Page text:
The Keffer Oak

I think the letter L in the word world is one of its most essential uses in the history of literature. It distinguishes two things most responsible for the heady, desperate plight of the human. Our kind’s fundamental confusion. Between an indisputable reality and the far more complicated one of our own inventions. Words are magic. Words are misleading. These strings of letters contain histories, feelings, memories, and worst of all, expectation. Language comes by its good-bad, right-wrong, off and on dichotomy honestly. Mostly, a symptom of two dimensionality.

A great light casts a greater shadow. The mere presence of the word hero will inspire hundreds to consider thousands of what if’s and then who am I’s and redefine themselves in the oppressive gravity of that bright, radioactive word. Hero is almost synonymous with conflict, is it not? What would true world peace do to the hero complex? What’s the use in preparing for the worst if we never get to see the parachute in action? It’s fire, not water department. That’s four kinds of weapon on any police officer’s belt. A miniature version of the shield that might serve them better decorating their bulletproof vest. We don’t come equipped for peace. People don’t really seem to seriously believe in it even as possibility. Same with God. More comfortable with words like belief, and faith, than opening our eyes outright and declaring if God desired to be known, it is more than capable, and the world as we know and experience is its only testament. Everything, without exception, written in human language, is a secondary source, at best.

Words are fun. And easy. Manipulated. Like a walking stick, shaped for grip, for control, for thrust and use. But too often we trust them to tell us everything we know about the oak they were cut from. That letter that intercedes on all our words and with an absolute absence of subtlety, shakes us loose from them. Shatters that old bent dried up walking stick we’ve leaned on so heavily we’ve stunted ourselves through the pursuit of support we did not need. We’ve imagined our bones breaking and it has frightened us so we’ve decided to go ahead and precast everything about ourselves in language. And in saving, sanitizing our lives, we forfeited every grimy, heavy, clunky idea that made it worthwhile.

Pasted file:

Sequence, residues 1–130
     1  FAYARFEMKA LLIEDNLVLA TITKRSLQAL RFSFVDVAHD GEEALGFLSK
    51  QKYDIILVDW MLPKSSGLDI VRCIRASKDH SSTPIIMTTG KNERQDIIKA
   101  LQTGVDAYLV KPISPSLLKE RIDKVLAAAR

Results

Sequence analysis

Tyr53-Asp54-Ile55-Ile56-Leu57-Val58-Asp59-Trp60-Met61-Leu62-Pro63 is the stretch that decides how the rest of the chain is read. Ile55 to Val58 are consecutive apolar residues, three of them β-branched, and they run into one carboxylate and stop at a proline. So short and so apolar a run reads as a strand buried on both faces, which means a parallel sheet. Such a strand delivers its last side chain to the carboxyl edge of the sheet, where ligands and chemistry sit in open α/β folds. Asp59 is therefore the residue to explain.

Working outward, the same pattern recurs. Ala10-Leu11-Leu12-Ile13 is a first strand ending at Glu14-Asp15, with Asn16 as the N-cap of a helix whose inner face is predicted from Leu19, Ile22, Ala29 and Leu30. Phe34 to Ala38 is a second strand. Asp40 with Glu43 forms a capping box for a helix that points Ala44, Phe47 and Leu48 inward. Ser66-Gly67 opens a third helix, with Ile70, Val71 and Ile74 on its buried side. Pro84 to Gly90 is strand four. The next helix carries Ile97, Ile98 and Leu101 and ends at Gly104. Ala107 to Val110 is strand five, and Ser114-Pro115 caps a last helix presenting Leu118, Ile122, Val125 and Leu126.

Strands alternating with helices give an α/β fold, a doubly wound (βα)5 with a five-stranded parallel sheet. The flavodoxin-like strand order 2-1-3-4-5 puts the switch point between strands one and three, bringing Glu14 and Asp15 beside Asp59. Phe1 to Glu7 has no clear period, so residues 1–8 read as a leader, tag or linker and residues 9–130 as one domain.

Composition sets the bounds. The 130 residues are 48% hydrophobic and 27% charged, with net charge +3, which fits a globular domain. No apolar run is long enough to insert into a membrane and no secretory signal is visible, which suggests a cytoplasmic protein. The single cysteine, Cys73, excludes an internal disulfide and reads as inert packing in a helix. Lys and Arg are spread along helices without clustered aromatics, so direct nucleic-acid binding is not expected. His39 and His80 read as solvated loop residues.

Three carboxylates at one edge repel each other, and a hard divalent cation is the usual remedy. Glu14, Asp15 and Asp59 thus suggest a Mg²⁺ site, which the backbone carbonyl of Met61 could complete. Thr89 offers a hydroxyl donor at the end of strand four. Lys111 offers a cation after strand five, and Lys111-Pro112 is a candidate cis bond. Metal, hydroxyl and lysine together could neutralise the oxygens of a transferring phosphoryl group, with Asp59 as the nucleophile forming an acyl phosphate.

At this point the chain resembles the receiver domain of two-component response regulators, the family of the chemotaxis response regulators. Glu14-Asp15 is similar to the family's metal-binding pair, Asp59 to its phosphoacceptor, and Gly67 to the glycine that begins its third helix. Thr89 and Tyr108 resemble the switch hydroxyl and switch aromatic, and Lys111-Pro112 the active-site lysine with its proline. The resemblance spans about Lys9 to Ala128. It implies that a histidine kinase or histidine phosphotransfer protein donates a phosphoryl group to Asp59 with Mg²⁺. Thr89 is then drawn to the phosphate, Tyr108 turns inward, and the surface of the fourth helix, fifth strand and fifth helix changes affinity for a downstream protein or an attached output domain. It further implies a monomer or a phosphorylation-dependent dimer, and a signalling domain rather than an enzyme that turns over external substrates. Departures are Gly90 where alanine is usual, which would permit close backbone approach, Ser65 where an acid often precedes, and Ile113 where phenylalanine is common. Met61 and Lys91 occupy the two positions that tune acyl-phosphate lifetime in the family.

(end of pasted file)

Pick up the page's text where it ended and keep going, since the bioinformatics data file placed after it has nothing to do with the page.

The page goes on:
We’re handing over twigs and telling kids it’s a white oak. I’ve seen the second largest white oak tree in America, the Keffer Oak, in Virginia. No part of the massive three hundred year old, sixty foot tall entity was meant to be mine, was made for me. I could cut it up and split it and stack and burn a hundred thousand words from it, piece by piece, as a sort of revenge sentence against all the cold nights that ever nibbled at my ancestors. Bitterly, with sore hands and crooked back, like all conquerors, looking over my neat pile of firewood. But it isn’t Truth. It’s perception. A side effect of an intense, microscopic projection of our sense of self onto the things we create, we so desperately pretend we make up, like words. Like houses. And cars. The most recent gossip you’ve heard.

But that is not the same as the world. Thank God.
There is an insignificant barrier between our reality and our schemes.
That wonderful little letter separating words from worlds.

Some form. Or another.

I believe we are all some form of tree, reaching toward some form of sun,
digging as deep down as possible with some form of root system.
All that this man is is not on the surface, like a tree.
There is far more to us than can be seen, or achieved, or stood beneath.

We are all stacking cells like bricks, burrowing into our eternal selves
like we were digging wells, into the still flowing aquifers we all have
eddying in our core somewhere, eroding washed out circling lines
that record our time, and tell, at least, the length of our stories,
which no other life can cut into and realize until after we die,
expire, like the tree parted from roots, burned by some form of fire.
Leave some ash as dust upon the earth. Some rich white breath
to drift off and become clouds. The body eroded until no trace can be found,
except for some form of still buried root beneath a weeping stump.

I believe death will not be the end of us.
We are like some estranged form of tree.
We have not existed all on the surface.
There is much to Man that can not be seen, or destroyed,
or burned down by simple fire. Every ounce
of every being still exists after it has expired.

In some form.
Or another.

All the tree secrets

All life resembles rhetorical answers to questions about existence.

There are no truer conclusions than what is spoken by the passive voices of trees.

Secrets in endless probing roots which explode under and out where trunk meets ground.

A flattish line of quartz and topsoil like choppy water reflecting light in gleams and flashes, whole oceans of deep furrows glimmering like the side of a fish.

But dirt absorbs the light. Holds on to it. Gives back a dull color or two as thanks.
And keeps the rest.

But water is fast-changing, murky flows grow south and clear and confess awkward truth like ignorant youth.

So soil stays broken. Smaller fragments of a former self.

All parts of it translated to nutrient and sediment.

Ready to give us up all the tree secrets.